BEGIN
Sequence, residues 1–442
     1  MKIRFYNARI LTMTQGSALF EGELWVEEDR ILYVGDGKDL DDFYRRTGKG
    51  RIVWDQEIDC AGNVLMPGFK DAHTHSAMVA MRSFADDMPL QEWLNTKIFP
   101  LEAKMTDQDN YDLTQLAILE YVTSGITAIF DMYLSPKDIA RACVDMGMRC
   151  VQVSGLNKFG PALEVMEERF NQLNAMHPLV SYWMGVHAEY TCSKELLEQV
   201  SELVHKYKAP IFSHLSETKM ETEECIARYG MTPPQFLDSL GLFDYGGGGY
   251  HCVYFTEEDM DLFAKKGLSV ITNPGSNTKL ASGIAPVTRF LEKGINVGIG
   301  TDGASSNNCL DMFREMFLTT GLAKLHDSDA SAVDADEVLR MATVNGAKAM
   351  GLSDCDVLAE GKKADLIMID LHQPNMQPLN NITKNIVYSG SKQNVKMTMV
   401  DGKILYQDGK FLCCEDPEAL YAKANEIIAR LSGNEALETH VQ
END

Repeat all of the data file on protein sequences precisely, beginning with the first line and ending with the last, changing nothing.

Sequence, residues 1–442
     1  MKIRFYNARI LTMTQGSALF EGELWVEEDR ILYVGDGKDL DDFYRRTGKG
    51  RIVWDQEIDC AGNVLMPGFK DAHTHSAMVA MRSFADDMPL QEWLNTKIFP
   101  LEAKMTDQDN YDLTQLAILE YVTSGITAIF DMYLSPKDIA RACVDMGMRC
   151  VQVSGLNKFG PALEVMEERF NQLNAMHPLV SYWMGVHAEY TCSKELLEQV
   201  SELVHKYKAP IFSHLSETKM ETEECIARYG MTPPQFLDSL GLFDYGGGGY
   251  HCVYFTEEDM DLFAKKGLSV ITNPGSNTKL ASGIAPVTRF LEKGINVGIG
   301  TDGASSNNCL DMFREMFLTT GLAKLHDSDA SAVDADEVLR MATVNGAKAM
   351  GLSDCDVLAE GKKADLIMID LHQPNMQPLN NITKNIVYSG SKQNVKMTMV
   401  DGKILYQDGK FLCCEDPEAL YAKANEIIAR LSGNEALETH VQ